Charity says kids should be taught about dogs at school
Kids should get lessons at school to teach them how to look after dogs, according to animal charity PDSA.
It's after nearly two thirds of children who took part in their research said they'd been scared by a dog.
The charity also found that one in three dog owners have been bitten by a dog.
PDSA claims that poor training means bad behaviour in dogs has reached "frightening" levels.
It warns that in some cases dogs have been deliberately trained to be aggressive.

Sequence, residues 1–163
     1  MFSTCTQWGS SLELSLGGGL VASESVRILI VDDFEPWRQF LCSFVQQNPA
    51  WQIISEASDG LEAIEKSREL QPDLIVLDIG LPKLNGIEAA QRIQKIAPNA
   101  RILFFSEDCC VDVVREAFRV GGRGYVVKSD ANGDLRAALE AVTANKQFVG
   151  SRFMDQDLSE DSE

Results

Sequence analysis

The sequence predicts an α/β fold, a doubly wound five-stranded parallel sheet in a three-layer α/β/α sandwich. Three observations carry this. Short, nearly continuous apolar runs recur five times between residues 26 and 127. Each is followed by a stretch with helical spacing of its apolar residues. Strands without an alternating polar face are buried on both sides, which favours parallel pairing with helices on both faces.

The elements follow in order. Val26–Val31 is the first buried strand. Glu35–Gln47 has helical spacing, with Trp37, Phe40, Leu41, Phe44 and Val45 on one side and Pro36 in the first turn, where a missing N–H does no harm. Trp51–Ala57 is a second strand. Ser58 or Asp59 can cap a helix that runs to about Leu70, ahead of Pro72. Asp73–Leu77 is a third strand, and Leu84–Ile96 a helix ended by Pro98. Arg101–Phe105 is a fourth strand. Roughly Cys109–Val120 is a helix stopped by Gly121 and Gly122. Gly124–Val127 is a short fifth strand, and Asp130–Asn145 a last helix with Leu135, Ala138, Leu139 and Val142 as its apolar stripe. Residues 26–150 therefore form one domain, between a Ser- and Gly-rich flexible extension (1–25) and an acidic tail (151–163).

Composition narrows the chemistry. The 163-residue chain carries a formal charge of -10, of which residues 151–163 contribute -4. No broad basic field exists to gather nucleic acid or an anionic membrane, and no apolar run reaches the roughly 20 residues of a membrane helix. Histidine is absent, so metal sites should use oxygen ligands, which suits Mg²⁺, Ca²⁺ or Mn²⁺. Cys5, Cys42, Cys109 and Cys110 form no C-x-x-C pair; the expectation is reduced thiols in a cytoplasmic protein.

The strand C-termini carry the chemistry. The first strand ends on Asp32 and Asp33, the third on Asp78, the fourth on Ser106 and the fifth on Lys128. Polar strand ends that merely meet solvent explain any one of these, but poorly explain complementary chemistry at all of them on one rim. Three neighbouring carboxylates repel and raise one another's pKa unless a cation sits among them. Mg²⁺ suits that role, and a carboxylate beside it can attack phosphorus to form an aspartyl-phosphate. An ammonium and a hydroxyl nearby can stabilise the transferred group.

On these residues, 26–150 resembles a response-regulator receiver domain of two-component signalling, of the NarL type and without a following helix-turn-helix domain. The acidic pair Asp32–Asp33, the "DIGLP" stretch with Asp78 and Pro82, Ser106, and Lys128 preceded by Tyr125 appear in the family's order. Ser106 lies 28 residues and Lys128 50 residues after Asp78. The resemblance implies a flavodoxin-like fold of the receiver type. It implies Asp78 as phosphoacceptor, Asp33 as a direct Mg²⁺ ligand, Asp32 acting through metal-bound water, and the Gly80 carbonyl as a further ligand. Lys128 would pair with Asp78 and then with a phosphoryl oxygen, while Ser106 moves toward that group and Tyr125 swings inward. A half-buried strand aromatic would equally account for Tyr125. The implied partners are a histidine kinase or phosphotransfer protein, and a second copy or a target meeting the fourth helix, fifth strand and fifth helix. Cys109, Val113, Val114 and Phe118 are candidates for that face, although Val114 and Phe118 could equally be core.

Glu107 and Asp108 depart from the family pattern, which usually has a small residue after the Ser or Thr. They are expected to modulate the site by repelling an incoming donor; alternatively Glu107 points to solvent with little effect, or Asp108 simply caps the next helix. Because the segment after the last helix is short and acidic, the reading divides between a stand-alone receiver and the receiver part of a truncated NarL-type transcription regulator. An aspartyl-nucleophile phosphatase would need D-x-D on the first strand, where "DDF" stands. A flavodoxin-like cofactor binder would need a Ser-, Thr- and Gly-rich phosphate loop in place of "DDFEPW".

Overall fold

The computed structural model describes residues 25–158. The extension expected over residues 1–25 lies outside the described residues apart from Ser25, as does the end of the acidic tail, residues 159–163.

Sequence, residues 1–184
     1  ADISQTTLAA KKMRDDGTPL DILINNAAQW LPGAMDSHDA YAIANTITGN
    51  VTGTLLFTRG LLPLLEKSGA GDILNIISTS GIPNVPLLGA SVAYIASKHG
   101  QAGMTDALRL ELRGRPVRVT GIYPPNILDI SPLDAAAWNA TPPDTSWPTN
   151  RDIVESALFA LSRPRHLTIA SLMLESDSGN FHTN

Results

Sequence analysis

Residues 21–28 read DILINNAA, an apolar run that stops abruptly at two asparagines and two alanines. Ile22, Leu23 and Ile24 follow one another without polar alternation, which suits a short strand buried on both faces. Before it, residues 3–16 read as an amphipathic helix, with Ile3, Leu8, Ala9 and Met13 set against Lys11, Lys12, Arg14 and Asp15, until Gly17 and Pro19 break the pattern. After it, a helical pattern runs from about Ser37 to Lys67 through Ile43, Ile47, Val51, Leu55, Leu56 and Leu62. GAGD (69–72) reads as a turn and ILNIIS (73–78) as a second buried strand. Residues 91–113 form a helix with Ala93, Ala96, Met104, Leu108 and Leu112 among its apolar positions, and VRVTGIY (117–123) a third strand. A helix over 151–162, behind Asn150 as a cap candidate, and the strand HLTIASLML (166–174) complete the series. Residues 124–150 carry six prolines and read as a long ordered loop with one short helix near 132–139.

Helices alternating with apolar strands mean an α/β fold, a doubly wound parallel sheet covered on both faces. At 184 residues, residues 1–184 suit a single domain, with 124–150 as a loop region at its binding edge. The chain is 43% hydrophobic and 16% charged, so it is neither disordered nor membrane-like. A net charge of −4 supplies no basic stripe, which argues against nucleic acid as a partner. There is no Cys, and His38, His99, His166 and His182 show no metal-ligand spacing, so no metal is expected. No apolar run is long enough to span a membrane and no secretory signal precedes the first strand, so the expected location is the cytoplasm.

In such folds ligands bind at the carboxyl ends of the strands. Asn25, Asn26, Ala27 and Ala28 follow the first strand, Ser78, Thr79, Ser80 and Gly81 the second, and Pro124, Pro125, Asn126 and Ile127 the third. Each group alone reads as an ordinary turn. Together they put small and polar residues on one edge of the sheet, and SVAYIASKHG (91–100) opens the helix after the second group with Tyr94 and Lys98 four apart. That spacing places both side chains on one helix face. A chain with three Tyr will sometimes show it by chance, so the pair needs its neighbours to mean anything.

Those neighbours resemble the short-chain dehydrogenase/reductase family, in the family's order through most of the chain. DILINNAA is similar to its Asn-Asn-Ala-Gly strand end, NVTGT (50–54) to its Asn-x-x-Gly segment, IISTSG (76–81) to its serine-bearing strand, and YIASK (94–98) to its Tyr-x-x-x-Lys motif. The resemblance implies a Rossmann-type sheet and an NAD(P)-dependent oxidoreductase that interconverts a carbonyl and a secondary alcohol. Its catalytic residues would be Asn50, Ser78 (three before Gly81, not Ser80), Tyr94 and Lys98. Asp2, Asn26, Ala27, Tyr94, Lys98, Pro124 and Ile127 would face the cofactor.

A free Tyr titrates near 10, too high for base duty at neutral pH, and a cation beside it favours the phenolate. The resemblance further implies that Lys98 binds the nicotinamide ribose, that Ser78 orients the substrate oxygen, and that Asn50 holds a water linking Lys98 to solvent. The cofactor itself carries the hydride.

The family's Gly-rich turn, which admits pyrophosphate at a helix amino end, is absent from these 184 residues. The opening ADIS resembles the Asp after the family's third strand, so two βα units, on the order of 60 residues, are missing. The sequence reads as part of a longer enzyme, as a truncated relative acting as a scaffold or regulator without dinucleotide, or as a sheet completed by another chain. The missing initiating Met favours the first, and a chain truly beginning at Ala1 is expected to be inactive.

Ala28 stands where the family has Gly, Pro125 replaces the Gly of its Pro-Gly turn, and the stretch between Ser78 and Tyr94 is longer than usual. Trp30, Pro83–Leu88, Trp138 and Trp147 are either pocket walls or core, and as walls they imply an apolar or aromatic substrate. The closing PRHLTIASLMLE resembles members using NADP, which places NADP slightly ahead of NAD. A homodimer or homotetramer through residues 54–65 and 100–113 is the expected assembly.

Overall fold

But most of the time, bad behaviour comes from a lack of basic obedience training when the dogs are young.
According to PDSA's survey, 61% of dogs had not attended training sessions before they were six months old.
Examples of problem behaviour are growling, snarling and aggression towards people and other animals.
PDSA senior vet Sean Wensley said: "Each year there are awful stories of dogs attacking pets and people.
"Tackling this begins with owners and breeders taking full responsibility for their dogs' behaviour, training them from a young age.
"It is also essential that young people understand how to be safe around all pets and learn how to become caring and responsible owners in the future."